Ask The Advice Pedaler: Etiquette for the Conscientious Cyclist

Dear Advice Pedaler:

I've been a daily bike rider in San Francisco for many years, but am still at a total loss on how to deal with buses. Twice I have been forced into the curb (and knocked down once) by a bus coming up behind me when I was passing a bus stop. Whenever I am at a stop sign and there is a bus behind me in traffic and a bus stop ahead of me, I'm not sure whether to try to get ahead as fast as possible, or just wait it out, let the bus pass me, and then risk being hit by a car trying to pass the bus in the left lane later on. What do I do?

-19 Pokey

Dear Pokey:

Never get between a mother bear and her cubs! Because bikes are used to riding on the right and bus stops are on the right, bikes often get caught between the bus and its stop. Along certain routes, buses travel at just about bike speed, so the bike and the bus are constantly leapfrogging each other. This is a situation where you must act like other vehicles and ride in the lane, sometimes slowing down and/or passing the bus on the left (signaling with your arm), and once in awhile causing the bus to slow down for you as you move to the left, allowing the bus to move right so it can pick up its cubs.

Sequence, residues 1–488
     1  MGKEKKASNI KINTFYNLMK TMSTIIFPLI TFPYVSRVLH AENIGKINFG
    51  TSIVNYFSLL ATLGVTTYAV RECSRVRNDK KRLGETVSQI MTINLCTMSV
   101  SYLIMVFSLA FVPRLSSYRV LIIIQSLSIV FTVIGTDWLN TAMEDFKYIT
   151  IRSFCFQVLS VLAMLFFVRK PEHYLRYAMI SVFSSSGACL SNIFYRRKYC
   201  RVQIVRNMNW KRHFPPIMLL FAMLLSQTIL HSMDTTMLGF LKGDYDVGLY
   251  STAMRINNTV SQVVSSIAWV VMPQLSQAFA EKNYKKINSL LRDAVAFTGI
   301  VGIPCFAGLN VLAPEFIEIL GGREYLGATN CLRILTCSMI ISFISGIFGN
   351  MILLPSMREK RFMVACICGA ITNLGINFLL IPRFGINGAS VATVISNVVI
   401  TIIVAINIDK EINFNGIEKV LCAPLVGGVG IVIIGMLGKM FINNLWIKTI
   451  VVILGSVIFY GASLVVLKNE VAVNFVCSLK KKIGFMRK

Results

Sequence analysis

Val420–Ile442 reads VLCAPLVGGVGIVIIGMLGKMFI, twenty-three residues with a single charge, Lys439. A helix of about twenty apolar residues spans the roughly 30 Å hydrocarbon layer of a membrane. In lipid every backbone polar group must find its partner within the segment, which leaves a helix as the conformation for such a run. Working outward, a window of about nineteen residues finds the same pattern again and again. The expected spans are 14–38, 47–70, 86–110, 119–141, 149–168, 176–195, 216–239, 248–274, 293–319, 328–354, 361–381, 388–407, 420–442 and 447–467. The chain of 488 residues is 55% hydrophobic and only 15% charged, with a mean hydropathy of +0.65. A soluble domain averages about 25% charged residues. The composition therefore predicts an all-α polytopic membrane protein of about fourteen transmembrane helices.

If you come to a stop sign or light and there is a bus behind you in traffic, you should ride in the lane, signaling to those behind you that you are moving left, rather than hugging the right curb, giving the bus room to move to the right.

It is likely you will be passing the bus again. Just between the two of us, sometimes the Advice Pedaler gets so stressed out leapfrogging buses that she simply stops and lets the bus get a block ahead so she can enjoy a bus-free ride up Valencia.

Dear Advice Pedaler:

I dreamt that I was riding my bike and singing. Is this normal?


Dear Sleepy:

The Advice Pedaler has heard reports of other cases where cyclists have burst into song, a result of the joy of cycling. Make your dream a reality and sing while you cycle everyday. Not only is it normal, but it's a pleasing alternative to a bike bell.